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Let's Talk About Sex: Help! My In-laws Want to Move In

Two is company, but four is most definitely a crowd

 

Every month our sexperts take questions from our readers. Read on for this month's dilemma

 

My S/O and I are from different backgrounds. We are getting married soon and they have been hinting heavily that they want their parents to move in. I can't think of anything worse but don't know how to say no without offending everyone. What should I do?

 

The Male View

Joe Schaefer

 

I'd love to hear your thoughts on stain removal, because anyone trampled over as often as you must be an expert in washing out shoeprints. You sound like someone who spends the majority of their day whimpering, and the remainder of their time excusing themself. Still, despite your innate cowardice, you are right to fear having your in-laws move in. The reason you can’t imagine anything worse is because few things are. The only abuses more horrific are full-body chemical burns, being eaten alive by subway rats, and attending a nü-metal concert. The point is you need to avoid this new living arrangement like Kid Rock avoids musical talent. 

 

One option is to immediately pack up and move to a smaller apartment. In the big city, it’s not hard to find a dwelling that provides the bare minimum space for habitation (I’m currently typing this on my “office chair”, which is just the toilet with the seat down). When the in-laws see your lack of guest room, they should get the hint that guests aren’t invited. If they are pushy, however, this plan could backfire and end up with you sharing a twin-sized mattress with two elderly intruders snoring with more vocal dissonance than a Korn single. 

 

Instead, go out and immediately practice using the word “no”. It may be scary at first, but I promise you will experience a drastic reduction in the amount of suffering in your life, not to mention credit card subscriptions and awkward lunch meetings. Over time, you will begin to feel a new, invigorating bounce in your step. This special energy of empowerment is referred to by the enlightened as “not giving a sweet fuck if you offend people”. Your SO, their parents, and Kid Rock will all appreciate the moxie.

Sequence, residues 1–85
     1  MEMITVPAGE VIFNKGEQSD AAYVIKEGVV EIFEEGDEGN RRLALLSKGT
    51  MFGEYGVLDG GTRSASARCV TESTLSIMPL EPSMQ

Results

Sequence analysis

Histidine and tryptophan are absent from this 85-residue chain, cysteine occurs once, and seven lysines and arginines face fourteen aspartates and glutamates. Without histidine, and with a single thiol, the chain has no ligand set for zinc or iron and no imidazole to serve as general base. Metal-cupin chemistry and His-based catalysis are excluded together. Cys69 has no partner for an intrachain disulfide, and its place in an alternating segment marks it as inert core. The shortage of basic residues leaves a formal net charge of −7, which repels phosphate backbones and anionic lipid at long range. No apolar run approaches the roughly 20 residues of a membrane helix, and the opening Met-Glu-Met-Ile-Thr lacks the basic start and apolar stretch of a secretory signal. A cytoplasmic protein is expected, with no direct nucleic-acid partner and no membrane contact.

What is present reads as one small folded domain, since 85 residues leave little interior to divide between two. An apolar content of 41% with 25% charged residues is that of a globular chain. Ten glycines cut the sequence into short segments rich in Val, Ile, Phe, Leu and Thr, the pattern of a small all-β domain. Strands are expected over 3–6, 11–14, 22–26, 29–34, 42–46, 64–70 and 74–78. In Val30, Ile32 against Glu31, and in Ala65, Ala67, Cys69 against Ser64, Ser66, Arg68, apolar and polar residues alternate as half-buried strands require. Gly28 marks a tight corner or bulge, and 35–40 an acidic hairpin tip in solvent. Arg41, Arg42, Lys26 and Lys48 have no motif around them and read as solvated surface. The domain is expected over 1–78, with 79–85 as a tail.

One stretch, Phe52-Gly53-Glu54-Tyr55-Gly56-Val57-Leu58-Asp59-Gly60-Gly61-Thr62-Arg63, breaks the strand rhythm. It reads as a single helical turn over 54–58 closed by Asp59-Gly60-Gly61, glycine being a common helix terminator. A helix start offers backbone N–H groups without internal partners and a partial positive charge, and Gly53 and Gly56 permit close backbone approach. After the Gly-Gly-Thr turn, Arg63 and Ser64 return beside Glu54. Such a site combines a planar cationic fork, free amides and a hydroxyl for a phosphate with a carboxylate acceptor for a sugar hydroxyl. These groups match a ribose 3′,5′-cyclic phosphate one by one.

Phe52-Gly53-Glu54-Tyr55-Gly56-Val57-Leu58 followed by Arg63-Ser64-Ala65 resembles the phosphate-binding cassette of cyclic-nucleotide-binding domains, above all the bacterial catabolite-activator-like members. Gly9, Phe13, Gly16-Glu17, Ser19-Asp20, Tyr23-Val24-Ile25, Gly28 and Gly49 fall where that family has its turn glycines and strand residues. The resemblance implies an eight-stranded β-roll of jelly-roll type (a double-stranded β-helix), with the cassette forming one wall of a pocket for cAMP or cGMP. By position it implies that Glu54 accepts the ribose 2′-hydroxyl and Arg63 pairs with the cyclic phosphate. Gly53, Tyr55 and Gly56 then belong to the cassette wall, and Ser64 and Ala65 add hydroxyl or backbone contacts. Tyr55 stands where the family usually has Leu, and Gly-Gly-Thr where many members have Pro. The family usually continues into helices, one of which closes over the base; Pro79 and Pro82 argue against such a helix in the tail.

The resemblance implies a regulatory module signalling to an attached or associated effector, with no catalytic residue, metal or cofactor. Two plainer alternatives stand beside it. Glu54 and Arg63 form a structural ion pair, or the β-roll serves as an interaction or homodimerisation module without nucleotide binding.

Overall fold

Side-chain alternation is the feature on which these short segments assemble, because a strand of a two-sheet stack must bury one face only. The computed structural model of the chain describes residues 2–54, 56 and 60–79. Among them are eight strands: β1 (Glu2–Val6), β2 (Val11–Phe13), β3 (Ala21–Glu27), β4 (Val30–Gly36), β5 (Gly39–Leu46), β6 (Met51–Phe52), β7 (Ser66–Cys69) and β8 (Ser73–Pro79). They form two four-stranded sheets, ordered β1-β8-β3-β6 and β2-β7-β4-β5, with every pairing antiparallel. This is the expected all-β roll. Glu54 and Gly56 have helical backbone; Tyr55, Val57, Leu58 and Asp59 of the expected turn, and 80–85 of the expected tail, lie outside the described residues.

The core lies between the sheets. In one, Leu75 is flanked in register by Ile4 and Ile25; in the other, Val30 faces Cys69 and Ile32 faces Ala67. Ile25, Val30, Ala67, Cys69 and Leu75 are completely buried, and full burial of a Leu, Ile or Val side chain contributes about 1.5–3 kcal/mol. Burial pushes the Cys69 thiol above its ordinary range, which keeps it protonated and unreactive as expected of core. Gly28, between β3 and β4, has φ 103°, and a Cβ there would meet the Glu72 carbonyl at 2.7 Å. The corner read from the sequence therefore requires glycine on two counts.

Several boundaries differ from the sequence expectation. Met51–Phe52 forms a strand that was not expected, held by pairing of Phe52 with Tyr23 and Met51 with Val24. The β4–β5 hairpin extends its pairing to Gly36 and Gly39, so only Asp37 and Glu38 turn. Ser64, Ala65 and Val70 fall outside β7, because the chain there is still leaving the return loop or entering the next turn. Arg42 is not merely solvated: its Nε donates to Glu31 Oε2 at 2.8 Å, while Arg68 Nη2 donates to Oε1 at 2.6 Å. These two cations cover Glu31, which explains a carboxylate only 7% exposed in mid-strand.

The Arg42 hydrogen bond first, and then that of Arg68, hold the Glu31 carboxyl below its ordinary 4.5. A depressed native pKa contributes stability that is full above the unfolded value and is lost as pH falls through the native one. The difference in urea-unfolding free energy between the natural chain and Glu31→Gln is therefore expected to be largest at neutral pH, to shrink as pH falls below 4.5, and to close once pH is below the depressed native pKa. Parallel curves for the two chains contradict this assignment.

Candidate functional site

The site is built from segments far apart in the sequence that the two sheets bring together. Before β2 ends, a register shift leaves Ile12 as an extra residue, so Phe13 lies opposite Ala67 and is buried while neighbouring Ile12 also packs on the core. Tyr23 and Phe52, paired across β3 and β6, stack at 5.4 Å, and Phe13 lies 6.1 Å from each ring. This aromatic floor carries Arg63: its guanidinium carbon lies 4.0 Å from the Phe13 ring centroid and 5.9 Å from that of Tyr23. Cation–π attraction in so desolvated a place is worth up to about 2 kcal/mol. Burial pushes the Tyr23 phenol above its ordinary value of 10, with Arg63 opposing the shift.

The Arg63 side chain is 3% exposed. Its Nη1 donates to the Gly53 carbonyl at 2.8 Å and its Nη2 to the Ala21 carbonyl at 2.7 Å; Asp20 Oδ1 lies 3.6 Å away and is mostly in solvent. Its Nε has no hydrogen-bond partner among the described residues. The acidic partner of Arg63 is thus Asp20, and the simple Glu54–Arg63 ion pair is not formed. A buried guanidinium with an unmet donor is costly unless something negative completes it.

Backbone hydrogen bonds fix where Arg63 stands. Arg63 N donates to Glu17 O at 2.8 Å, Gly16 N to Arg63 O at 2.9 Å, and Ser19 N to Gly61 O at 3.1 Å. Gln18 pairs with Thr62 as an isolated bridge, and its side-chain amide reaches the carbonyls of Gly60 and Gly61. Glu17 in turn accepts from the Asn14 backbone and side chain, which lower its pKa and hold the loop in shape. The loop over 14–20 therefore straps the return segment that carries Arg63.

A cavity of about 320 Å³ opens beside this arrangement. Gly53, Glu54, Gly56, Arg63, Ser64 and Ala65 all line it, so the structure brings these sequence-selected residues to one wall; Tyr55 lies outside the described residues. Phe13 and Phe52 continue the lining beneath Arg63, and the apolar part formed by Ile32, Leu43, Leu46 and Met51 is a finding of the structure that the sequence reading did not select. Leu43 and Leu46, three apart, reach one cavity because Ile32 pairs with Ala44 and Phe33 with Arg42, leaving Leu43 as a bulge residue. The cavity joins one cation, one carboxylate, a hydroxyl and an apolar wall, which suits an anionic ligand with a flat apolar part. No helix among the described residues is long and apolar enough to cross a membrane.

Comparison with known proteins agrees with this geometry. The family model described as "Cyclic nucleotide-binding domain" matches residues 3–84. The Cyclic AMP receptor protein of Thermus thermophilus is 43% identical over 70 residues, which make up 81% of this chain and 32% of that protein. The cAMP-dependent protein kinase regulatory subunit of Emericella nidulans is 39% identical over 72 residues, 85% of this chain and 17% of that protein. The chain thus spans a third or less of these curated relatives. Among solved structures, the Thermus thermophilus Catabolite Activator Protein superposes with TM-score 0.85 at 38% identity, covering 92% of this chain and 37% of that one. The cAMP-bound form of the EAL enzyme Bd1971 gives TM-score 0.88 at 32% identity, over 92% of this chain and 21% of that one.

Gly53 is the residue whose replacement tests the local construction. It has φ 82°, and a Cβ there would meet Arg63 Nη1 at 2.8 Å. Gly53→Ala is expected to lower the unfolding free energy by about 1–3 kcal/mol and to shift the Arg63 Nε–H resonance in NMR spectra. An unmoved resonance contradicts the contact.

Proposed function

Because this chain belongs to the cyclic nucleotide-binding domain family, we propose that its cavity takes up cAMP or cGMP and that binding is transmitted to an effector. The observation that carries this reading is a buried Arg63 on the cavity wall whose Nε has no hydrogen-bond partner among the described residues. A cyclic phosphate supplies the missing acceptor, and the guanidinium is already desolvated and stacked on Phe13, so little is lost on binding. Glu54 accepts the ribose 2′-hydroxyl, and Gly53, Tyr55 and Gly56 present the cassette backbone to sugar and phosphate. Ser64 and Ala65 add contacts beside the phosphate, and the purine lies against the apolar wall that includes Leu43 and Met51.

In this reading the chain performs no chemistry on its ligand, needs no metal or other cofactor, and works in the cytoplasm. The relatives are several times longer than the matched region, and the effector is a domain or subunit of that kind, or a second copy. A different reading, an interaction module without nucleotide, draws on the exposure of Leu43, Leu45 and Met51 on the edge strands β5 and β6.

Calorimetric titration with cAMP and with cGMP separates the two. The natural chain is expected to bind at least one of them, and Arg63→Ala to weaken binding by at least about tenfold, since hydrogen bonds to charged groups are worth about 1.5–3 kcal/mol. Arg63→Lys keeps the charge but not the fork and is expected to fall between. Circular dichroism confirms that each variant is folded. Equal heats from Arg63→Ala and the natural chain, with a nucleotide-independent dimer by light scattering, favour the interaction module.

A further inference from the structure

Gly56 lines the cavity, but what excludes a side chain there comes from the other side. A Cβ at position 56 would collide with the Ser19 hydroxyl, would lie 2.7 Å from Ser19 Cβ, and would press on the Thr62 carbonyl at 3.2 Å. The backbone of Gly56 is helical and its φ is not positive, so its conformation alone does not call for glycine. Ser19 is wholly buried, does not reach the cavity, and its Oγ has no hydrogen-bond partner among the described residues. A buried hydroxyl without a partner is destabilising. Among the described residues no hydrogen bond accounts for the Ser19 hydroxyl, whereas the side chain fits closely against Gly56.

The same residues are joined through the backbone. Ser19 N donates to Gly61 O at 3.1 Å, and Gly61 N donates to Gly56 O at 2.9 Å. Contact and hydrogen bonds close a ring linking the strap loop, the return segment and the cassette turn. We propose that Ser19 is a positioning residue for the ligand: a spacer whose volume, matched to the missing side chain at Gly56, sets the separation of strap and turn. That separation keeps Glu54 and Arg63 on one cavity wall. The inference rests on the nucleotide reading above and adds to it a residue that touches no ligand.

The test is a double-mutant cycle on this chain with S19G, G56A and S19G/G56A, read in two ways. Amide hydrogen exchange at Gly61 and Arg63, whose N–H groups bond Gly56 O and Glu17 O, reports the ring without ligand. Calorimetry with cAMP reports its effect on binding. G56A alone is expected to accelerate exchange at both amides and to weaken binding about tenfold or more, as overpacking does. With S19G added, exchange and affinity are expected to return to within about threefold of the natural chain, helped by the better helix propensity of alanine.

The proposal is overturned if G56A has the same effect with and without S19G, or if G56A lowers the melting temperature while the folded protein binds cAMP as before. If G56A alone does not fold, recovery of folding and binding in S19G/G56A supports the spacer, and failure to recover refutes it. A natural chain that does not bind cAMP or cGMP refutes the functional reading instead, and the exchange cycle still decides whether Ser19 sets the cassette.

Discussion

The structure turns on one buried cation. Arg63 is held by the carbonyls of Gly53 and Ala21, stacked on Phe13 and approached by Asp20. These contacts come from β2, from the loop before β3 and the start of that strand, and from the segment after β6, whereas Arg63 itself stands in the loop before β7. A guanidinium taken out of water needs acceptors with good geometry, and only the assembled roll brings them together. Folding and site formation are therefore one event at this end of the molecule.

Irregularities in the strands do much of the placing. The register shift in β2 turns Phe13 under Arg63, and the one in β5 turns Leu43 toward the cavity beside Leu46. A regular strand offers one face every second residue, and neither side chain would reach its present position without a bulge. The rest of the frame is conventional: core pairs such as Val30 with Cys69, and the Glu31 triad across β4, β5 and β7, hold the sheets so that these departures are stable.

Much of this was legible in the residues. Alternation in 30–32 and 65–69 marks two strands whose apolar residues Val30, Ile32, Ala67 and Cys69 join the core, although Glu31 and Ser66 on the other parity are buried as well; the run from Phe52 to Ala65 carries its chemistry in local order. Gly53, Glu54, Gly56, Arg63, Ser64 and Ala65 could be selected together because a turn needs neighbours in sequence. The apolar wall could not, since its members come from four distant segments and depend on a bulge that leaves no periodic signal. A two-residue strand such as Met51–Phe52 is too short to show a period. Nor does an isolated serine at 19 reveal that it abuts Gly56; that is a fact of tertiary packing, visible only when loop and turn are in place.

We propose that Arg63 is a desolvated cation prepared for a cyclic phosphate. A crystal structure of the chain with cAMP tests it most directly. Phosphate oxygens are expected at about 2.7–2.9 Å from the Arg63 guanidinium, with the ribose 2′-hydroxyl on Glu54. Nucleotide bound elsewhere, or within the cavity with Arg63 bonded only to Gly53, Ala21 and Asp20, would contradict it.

The Female View

Chelsea Stone

 

As a woman much wiser than myself once said, fuck politeness. You only get this one life, so you need to speak up for yourself. If you don’t want pizza for dinner, say so. If you want a raise at work, ask for one. If you definitely don’t want to live with your in-laws, make that loud and clear to your SO. Don’t pretend to be laid-back, go with the flow no matter how terrible it sounds, and then make yourself and everyone around you miserable because you didn’t speak up when you had the chance.

 

But let me also suggest another route for your consideration: why not give it a try? 

 

I think we in the West are automatically programmed to think of living with your in-laws as a fate worse than death. But how do you know it would really be that bad? Have you ever lived with your SO’s parents before? Until you’ve actually given something a try, you can’t be sure that you don’t like it.

 

For example, when my Chinese professor coerced me aboard a 747 bound for Beijing a fateful ten years ago, I was terrified at the idea of leaving New York, let alone the US. And look at me now: I can barely stand to go back. 

 

It may seem terrible or even crazy, but living with your SO’s parents may change your life in unexpected and positive ways. Let’s list just a few potential benefits:


-    At least one of your in-laws probably makes a mean hongshao rou.
-    Someone will be home when your toilet breaks and nobody has any idea when the shifu might show up to fix it.
-    Hanging out with old people is fun. They tell good stories (slowly) and they can teach you how to kickass at mahjong.

 

Here’s the thing: If it really is an unbearable situation, you can still speak up. Like I said, you only get this one life and whenever you’re unhappy, it’s important to speak up. But unless there’s some glaring reason you absolutely should not, then at least be open to giving a new experience a try.

 

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